[Purpose] The purpose of our study was to investigate the effects of isometric exercises
using electromyographic biofeedback (EMGBF) and ultrasound biofeedback (USBF) on maximum
voluntary isometric contraction (MVIC), pain assessed by the Visual Analogue Scale (VAS),
and vastus medialis oblique (VMO) thickness in patients with knee osteoarthritis (OA).
[Subjects and Methods] Thirty females over 65 years of age who had been diagnosed with
knee osteoarthritis were recruited and randomly assigned to three groups, each comprising
of 10 subjects. The Subjects in the EMGBF training and USBF training groups were trained
with the corresponding physical training exercise program targeting the vastus medialis
oblique, whereas the subjects in the control group were treated with conventional physical
therapies, such as a hot pack, ultrasound, and transcutaneous electrical nerve
stimulation. Subjects in each group were trained or treated for 20 min, 3 times a week for
8 weeks. [Results] The MVIC in the EMGBF and USBF training groups was significantly
increased compared with that in the control group, and the VAS score (for measurement of
pain) in the EMGBF and USBF training groups was significantly decreased compared with that
in the control group. Only the EMGBF training group showed a significantly increased VMO
thickness compared with before training. [Conclusion] These results suggest that USBF
training is similar to EMGBF training in terms of its effectiveness and is helpful for
treating patients with knee OA.
We found an association between biomarkers of EE and seroconversion to the first dose of RV5. It is possible that interventions that prevent or ameliorate EE may also improve oral rotavirus vaccine response.
To better understand underlying causes of lower rotavirus vaccine effectiveness in low-middle income countries (LMICs), we measured innate antiviral factors in Nicaraguan mothers' milk and immune response to the first dose of the pentavalent rotavirus vaccine in corresponding infants. No relationship was found between concentrations of innate factors and rotavirus vaccine response.
The application field of supercomputing systems are changing to support into the field for both a large-volume data processing and high-performance computing at the same time such as bio-applications. These applications require high-performance distributed file system for storage management and efficient high-speed processing of large amounts of data that occurs. In this paper, we introduce MAHA-FS for supercomputing systems for processing large amounts of data and high-performance computing, providing excellent metadata operation performance and IO performance. It is shown through performance analysis that MAHA-FS provides excellent performance in terms of the metadata processing and random IO processing.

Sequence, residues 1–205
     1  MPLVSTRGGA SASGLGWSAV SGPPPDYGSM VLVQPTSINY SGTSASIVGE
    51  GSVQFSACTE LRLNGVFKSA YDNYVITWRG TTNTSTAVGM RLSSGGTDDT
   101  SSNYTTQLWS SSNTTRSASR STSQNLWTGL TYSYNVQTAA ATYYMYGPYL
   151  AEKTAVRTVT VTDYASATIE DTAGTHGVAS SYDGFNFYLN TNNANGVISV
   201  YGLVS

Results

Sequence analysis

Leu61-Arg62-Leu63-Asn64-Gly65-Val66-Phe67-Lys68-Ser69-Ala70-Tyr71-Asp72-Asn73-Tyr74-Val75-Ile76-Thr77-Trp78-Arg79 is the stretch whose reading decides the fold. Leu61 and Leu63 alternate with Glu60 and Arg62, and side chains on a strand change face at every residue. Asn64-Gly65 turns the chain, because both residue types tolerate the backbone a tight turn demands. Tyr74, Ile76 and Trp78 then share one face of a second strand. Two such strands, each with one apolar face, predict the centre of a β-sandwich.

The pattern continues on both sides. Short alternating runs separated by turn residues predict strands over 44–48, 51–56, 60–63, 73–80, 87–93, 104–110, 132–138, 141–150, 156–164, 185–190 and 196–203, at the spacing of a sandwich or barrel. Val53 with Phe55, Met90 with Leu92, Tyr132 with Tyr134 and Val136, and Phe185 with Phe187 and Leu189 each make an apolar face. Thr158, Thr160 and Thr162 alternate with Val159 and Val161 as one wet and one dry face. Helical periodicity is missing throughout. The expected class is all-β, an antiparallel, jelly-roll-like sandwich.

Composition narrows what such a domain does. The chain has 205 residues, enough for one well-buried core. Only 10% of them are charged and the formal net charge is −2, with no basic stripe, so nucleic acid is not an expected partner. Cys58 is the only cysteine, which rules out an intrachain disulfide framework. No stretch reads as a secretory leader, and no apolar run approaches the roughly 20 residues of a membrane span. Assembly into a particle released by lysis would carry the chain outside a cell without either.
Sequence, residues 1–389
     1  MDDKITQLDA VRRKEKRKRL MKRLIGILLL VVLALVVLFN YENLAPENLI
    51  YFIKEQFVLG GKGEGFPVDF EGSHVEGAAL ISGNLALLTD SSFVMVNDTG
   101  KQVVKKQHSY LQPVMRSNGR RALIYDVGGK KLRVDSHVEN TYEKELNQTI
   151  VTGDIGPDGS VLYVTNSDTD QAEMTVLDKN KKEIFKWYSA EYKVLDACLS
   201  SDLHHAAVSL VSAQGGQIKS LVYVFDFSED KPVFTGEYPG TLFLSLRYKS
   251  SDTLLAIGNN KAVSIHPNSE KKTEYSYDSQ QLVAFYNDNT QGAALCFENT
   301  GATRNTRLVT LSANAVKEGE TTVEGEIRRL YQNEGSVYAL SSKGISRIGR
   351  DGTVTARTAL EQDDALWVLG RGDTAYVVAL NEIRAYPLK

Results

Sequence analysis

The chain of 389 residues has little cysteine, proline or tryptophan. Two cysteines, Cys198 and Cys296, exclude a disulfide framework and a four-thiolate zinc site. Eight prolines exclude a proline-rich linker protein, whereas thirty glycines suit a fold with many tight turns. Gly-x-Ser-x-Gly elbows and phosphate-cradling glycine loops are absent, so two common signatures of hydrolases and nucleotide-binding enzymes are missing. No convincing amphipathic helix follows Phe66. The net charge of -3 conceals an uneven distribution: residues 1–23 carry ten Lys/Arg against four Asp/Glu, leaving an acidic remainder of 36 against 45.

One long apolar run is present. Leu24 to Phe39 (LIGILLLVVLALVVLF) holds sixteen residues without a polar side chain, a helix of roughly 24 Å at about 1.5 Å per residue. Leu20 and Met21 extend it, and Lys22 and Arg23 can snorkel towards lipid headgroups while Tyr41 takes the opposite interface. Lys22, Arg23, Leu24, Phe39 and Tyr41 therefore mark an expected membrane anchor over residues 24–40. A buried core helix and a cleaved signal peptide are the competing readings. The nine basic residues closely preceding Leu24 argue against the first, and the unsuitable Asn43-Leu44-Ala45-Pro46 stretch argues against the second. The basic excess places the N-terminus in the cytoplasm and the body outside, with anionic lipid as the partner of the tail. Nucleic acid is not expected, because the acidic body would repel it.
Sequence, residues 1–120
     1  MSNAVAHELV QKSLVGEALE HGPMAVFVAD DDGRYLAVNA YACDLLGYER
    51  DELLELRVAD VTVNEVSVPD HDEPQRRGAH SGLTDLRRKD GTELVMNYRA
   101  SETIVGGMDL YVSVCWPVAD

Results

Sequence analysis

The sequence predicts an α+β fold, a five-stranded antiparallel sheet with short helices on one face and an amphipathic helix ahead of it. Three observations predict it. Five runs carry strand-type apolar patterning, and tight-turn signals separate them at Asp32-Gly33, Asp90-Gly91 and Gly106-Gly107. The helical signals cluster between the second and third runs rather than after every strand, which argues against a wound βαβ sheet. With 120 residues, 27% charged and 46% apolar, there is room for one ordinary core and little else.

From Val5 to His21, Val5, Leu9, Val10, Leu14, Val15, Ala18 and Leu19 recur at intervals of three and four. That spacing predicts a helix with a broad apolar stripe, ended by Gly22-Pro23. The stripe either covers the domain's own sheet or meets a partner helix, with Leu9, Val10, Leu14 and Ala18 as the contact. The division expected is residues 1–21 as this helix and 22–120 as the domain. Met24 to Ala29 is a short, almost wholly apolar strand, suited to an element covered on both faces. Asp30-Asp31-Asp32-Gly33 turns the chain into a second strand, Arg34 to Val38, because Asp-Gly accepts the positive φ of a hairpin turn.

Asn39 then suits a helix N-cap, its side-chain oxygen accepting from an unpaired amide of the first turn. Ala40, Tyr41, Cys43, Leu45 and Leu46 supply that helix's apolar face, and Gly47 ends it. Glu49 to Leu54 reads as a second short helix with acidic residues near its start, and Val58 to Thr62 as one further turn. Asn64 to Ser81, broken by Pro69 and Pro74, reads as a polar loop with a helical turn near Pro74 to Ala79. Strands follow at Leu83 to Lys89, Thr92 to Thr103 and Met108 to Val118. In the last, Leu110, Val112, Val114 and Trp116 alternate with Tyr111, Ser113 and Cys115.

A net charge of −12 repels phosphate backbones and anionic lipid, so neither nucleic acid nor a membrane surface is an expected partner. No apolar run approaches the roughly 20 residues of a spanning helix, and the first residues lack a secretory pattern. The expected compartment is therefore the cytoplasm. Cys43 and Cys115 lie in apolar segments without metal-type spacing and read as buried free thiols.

[Purpose] The aim of this study was to examine the effects of muscle activity and the
number of resistance exercise repetitions on perceived exertion in tonic and phasic
muscles in young Korean adults. [Subjects] Janda’s classification system was used to
divide 40 Korean males and females in their 20s into a tonic muscle group (10 males, 10
females) and phasic muscle group (10 males, 10 females). [Methods] Each participant
performed resistance exercise at 70% of maximum exertion for a single repetition. Muscle
activity and number of repetitions were measured according to the Borg Rating of Perceived
Exertion scale, with fairly light, hard, and very hard rated as 11, 15, and 19,
respectively. Multiple regression analysis was performed. [Results] As the number of tonic
and phasic muscle repetitions for males and females and female phasic muscle activity
increased, the perceived exertion increased. Perceived exertion increased as the number of
tonic muscle repetitions and activity of gastrocnemius muscles in males and females and
the hamstring in males increased. Increased activity of phasic muscles in males and
females and rhomboid muscle activity in males was associated with significantly increased
perceived exertion. [Conclusion] Muscle activity and number of repetitions affect
perceived exertion. The perception of exertion differs by muscle type and can differ by
gender. The influence of the number of repetitions exceeds that of muscle activity.
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